BRACE yourself for a sweltering spring as winter's above-average temperatures are expected to extend into the coming months.
As the last hours of winter dwindle, the Bureau of Meteorology are expected to reveal some record-breaking figures tomorrow.
Preliminary BoM data today suggests 2017 is likely to be Queensland's warmest winter on record for maximum temperatures, and the second-warmest on record for mean temperature.
"Temperatures very much above average around Rockhampton and the Capricornia, July was especially warm” a Bureau of Meteorology spokesman said.
"And in terms of rainfall, winter rainfall was below average throughout the state with some parts of the east coast seeing their lowest winter rainfall on record.”
The Bureau's spring outlook, issued today, shows little reprieve from the dry spell and reported an equal likelihood of an early or late onset.
"With the El Niño-Southern Oscillation and Indian Ocean Dipole neutral, secondary climate influences, such as localised warmth in ocean temperatures and the Madden-Julian Oscillation, are likely to affect the onset date,” the outlook states.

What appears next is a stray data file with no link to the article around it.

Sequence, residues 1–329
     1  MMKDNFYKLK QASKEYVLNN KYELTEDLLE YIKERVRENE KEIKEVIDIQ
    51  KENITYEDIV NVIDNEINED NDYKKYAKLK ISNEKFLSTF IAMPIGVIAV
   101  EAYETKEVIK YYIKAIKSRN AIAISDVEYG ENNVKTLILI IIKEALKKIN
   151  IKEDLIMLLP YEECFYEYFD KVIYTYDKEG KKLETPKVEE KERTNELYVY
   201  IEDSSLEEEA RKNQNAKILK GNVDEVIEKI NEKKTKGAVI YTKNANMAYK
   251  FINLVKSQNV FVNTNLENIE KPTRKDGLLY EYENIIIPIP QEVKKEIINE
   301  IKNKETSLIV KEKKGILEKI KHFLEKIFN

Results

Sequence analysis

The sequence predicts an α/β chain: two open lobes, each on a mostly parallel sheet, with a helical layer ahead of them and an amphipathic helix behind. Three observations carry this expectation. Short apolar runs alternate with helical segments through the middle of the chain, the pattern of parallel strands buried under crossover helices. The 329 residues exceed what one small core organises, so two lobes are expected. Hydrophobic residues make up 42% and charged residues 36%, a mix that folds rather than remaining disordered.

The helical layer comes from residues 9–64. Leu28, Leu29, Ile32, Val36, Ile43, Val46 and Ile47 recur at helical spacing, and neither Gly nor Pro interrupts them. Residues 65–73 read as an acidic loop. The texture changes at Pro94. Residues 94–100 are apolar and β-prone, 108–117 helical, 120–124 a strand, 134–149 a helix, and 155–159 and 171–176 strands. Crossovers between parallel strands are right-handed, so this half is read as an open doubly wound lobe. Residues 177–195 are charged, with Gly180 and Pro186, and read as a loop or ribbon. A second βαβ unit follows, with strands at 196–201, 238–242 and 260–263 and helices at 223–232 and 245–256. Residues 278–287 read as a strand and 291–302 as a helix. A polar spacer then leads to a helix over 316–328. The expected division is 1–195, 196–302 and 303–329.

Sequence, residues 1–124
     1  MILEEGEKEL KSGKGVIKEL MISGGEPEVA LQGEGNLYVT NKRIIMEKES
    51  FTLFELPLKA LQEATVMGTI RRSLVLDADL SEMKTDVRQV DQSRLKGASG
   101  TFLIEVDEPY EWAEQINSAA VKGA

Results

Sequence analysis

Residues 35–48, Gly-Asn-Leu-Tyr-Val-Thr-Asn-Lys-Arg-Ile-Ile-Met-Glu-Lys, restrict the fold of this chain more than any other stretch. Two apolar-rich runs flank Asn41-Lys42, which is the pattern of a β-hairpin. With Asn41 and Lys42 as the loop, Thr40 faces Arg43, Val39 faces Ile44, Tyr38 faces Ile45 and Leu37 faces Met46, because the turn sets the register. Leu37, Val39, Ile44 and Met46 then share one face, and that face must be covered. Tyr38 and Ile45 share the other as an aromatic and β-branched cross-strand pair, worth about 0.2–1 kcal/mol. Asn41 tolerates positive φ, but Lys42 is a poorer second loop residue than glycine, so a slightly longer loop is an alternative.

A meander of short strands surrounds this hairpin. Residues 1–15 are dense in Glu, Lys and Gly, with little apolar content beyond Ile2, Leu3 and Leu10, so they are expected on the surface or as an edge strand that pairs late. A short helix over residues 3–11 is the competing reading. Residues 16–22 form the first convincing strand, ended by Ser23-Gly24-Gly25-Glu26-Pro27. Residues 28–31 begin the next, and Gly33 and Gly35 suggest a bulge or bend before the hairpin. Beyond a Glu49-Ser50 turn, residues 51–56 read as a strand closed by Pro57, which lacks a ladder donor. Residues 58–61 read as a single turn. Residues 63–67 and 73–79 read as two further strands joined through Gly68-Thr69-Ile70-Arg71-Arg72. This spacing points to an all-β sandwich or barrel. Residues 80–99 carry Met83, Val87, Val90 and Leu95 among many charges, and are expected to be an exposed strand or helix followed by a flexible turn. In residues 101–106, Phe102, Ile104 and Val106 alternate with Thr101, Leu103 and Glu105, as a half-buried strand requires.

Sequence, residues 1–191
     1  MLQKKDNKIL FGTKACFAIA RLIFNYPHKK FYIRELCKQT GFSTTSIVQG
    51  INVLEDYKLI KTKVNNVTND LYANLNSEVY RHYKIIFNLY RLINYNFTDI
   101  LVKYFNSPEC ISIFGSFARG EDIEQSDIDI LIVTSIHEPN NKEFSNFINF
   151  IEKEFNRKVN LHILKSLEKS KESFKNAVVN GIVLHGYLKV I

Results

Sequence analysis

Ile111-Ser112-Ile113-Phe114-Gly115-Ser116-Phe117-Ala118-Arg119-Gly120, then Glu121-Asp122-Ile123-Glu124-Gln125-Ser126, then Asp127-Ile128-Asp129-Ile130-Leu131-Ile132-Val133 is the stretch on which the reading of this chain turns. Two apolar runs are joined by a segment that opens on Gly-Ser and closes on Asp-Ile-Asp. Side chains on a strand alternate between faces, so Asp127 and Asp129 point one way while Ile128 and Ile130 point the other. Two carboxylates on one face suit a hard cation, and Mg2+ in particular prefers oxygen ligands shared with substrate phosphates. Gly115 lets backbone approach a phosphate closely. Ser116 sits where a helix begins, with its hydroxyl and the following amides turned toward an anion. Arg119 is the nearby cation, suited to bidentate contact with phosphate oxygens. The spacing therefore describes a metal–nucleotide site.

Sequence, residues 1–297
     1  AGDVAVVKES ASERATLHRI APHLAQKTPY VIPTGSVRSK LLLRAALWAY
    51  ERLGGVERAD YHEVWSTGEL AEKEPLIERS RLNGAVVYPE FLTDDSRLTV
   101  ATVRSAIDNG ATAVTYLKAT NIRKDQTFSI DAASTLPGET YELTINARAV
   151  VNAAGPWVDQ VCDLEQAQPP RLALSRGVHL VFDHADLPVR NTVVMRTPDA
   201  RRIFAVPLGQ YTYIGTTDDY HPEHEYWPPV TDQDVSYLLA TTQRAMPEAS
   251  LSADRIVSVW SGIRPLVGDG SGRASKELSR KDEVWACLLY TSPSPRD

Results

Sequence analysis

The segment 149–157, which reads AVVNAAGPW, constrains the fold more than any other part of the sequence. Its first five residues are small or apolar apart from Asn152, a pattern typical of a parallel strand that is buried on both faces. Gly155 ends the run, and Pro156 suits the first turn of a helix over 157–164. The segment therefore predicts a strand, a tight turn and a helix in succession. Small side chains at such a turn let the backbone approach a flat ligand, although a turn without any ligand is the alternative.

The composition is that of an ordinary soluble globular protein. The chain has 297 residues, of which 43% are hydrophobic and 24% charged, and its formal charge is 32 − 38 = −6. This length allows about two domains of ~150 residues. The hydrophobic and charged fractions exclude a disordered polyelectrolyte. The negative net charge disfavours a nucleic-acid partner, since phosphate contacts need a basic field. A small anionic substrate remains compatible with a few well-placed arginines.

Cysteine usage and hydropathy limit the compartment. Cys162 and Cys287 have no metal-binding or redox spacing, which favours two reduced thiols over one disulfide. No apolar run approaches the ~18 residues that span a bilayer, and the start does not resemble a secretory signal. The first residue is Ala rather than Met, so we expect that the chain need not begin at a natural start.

The BoM forecasts temperatures in Rockhampton are likely to exceed a median of 28.5°C for the September to November period.
Yeppoon will be slightly cooler, with temperatures likely to exceed the 27.1°C median.
Out west to Emerald people will feel the heat with a 50/50 chance of exceeding the 31.8°C median.
According to the outlook, median rainfall across the three centres is expected to reach 130mm, 142mm and 111mm respectively across the three-month period.
The Bureau of Meteorology are expected to collate the final winter weather tomorrow, but today revealed Australia had experienced its driest winter in more than a decade.
Senior forecaster Dr Andrew Watkins reported the country hadn't experience such a dry winter since 2002, with high fire loads now fuelling the bushfire potential.
According to Weather Zone data, Rockhampton's highest winter month records are 32.3°C on June 1, 1962; 30.6°C on July 15, 1946; and 35.1°C on August 30, 2009.